Governor Steve Sisolak
Putting capital “P” in Public Records….
Gov. Sisolak signs 8 bills, including measures to strengthen public records laws, fund museums, and boost school safety
Carson City, NV – Governor Steve Sisolak has signed eight bills, including a measure that will strengthen the public’s access to public records, an appropriations vehicle to fund museums across the state, and a funding bill that includes nearly $13 million over the biennium for school safety, student mental health, and school violence reduction.
Senate Bill 287 reforms Nevada’s public records law by increasing penalties for State agencies that fail to comply. The bill imposes fines on state agencies for noncompliance ranging from $1,000 for the first offense to $10,000 for the third and subsequent offenses within a 10 year period. The bill also tightens up requirements that an agency notify the requester of the estimated timeline for receiving the records.
Senate Bill 501 appropriates funds for several museums and other culturally-significant institutions throughout Nevada, including the National Atomic Testing Museum, the Reno Rodeo and Livestock Events Center, and the Springs Preserve Foundation.
Senate Bill 528 is an appropriations vehicle that includes, among other things, $12.9 million for school safety, student mental health, and school violence reduction initiatives over the biennium. This includes $2.7 million to hire school social workers and other mental health professionals, $5.5 million to provide more resources to school police officers, and $4.7 million for social, emotional, and academic development programs in schools.
Additional bills signed by Gov. Sisolak today, June 13, 2019:
For a full list of bills signed by Gov. Sisolak this legislative session, click here.
Gov. Sisolak signs 75 bills that raise minimum wage, guarantee paid sick leave, and secure collective bargaining for state workers
Carson City, NV – Today, Governor Steve Sisolak signed 75 bills, including landmark measures from the 80th legislative session that raise Nevada’s minimum wage, guarantee paid sick days for Nevada workers, and secure collective bargaining rights for state employees for the first time in Nevada history.
Assembly Bill 456 raises the minimum wage in Nevada by 75 cents each year beginning on January 1, 2020 until it reaches $12 an hour. This bill represents the first significant change to Nevada’s minimum wage in over a decade.
Senate Bill 312 requires businesses that employ 50 or more workers to allow workers to accrue earned paid leave, up to 40 hours per year at a minimum.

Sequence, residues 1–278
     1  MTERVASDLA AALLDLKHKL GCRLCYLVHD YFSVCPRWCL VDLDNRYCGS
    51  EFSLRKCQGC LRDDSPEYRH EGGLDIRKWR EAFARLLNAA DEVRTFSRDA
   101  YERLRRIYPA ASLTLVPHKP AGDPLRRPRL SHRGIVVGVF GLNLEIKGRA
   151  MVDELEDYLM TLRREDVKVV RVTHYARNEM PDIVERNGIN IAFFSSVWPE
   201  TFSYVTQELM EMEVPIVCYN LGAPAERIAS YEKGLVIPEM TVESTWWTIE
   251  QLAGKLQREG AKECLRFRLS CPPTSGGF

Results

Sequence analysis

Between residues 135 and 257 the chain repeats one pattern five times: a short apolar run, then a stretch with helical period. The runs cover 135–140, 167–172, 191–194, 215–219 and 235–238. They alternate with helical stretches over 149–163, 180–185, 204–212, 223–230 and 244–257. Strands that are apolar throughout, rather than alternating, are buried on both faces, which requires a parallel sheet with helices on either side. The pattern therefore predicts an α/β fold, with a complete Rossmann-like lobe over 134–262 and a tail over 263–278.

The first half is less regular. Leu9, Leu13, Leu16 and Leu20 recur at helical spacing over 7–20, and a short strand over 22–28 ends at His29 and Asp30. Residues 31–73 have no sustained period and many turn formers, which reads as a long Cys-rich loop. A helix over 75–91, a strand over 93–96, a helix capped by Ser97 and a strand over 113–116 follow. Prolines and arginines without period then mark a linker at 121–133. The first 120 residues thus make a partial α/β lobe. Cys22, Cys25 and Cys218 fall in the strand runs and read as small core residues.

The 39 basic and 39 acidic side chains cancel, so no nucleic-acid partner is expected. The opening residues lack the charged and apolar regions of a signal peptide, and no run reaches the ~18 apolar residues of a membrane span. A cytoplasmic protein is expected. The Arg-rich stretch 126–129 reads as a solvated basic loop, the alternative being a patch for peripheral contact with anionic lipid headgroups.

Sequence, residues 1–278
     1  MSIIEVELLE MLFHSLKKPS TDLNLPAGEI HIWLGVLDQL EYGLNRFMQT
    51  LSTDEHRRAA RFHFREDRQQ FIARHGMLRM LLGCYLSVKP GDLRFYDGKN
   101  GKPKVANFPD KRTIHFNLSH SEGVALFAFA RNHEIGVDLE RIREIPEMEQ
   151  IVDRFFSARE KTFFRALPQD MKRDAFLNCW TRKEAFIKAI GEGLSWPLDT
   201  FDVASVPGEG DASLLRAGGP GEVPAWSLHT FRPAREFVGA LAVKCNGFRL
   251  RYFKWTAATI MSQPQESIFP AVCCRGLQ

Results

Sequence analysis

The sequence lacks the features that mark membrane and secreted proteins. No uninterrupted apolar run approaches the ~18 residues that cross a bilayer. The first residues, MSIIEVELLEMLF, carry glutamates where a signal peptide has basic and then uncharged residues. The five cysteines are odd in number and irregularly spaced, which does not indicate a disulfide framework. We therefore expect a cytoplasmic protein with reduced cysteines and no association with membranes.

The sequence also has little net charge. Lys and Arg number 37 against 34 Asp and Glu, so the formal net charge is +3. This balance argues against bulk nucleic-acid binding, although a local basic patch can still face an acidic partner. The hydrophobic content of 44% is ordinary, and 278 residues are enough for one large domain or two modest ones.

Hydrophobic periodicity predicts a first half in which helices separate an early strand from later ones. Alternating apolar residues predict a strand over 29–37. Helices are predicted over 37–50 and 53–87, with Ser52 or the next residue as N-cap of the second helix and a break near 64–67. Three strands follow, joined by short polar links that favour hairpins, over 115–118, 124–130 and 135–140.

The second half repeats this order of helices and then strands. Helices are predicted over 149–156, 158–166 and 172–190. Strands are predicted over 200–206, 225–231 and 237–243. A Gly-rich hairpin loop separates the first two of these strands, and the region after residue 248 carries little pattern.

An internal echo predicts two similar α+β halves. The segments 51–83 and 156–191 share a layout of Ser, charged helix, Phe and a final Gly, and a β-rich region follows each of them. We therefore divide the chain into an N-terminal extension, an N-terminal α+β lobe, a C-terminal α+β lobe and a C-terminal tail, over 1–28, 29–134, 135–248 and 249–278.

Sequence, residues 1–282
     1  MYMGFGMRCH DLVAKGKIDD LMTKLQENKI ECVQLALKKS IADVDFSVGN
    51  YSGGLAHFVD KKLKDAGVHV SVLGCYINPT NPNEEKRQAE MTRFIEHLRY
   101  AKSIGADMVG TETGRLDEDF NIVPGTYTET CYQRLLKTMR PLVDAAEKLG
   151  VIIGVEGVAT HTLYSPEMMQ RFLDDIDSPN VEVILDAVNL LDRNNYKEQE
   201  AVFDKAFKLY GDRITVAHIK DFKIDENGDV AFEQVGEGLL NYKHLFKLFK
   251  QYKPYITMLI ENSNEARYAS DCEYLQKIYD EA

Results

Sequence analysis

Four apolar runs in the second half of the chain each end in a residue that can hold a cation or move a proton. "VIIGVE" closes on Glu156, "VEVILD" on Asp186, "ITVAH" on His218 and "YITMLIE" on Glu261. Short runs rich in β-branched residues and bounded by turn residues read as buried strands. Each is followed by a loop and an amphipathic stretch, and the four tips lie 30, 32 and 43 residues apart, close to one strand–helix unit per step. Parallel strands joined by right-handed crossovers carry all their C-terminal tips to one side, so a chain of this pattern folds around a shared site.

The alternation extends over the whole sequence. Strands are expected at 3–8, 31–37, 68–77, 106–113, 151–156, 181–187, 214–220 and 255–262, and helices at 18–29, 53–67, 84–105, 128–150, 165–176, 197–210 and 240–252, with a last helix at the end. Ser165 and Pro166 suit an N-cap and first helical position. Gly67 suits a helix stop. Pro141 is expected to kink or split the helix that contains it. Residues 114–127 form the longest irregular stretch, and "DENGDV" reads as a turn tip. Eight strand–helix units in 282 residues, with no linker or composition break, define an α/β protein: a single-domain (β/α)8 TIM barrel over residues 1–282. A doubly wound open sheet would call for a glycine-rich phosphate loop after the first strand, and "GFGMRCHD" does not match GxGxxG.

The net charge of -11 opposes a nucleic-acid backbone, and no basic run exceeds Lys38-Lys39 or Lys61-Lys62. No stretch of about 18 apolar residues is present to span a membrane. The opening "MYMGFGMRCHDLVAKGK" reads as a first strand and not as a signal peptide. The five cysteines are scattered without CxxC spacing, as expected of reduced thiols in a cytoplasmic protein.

Senate Bill 135 gives state workers a seat at the table for the first time in Nevada history by empowering them to collectively bargain, a commitment Gov. Sisolak made in his State of the State address.
5:59pm Report of a traffic collision on I-80 just west of the freeway overcrossing of Sparks Boulevard.
Gov. Sisolak signs bill creating Cannabis Compliance Board
Carson City – Governor Steve Sisolak signed Assembly Bill 533, which creates the Cannabis Compliance Board, one of the governor’s top priorities for the 2019 legislative session. “Our marijuana industry is now a key part of our state economy, and to make sure it stays that way, we must hold it to the highest standard while empowering the industry to continue thriving,” Gov. Sisolak said. “Nevada’s first-ever Cannabis Compliance Board will ensure this critical part of our state’s economy is positioned to become the gold standard for the nation.”
Earlier this year, Gov. Sisolak appointed a seven-member advisory panel on the formation of the Cannabis Compliance Board (CCB), under Executive Order 2019-03. Assembly Bill 533 is a reflection of the advisory panel’s work over the course of the session. The CCB will consist of five members appointed by the governor and will be modeled after the Nevada Gaming Control Board, which oversees Nevada’s highly-respected and well-regulated successful gaming industry.
The CCB will be a comprehensive regulatory board that will include expertise in a range of fields, including financial and accounting, law enforcement, medicine, regulatory and legal compliance, and cannabis, generally. In the coming weeks, the governor will begin the appointment process for the five members of the CCB. A prerequisite to appointment to the CCB is that potential members be devoid of financial or other conflicting interests, which may affect the impartiality of an individual’s service as a regulator.
Assembly Bill 533 also establishes a Cannabis Advisory Commission, to which the governor will appoint experts in direct and marijuana-related fields. These individuals will have the freedom to consider a number of outstanding issues regarding cannabis, including inclusion, addiction prevention, training programs, consumption, dram shop laws, and other important questions. Advisory Commission members, as part of an advisory board, will be able to share their expertise even as members of advocacy groups and companies operating in the cannabis economy. Their recommendations will not bind the CCB, but will inform the CCB and its decision making.
Establishing the CCB is part of Gov. Sisolak’s multi-pronged approach to reforming and strengthening Nevada’s legal cannabis industry and ensuring the economic opportunities it creates are available to all Nevadans. This session, Gov. Sisolak proposed an amendment to Senate Bill 32, which he signed into law last month, that increases transparency in the marijuana licensing process by subjecting certain information about license applicants, as well as the methods used to issue licenses, to public disclosure. That information is now available to the public on the Department of Taxation’s website.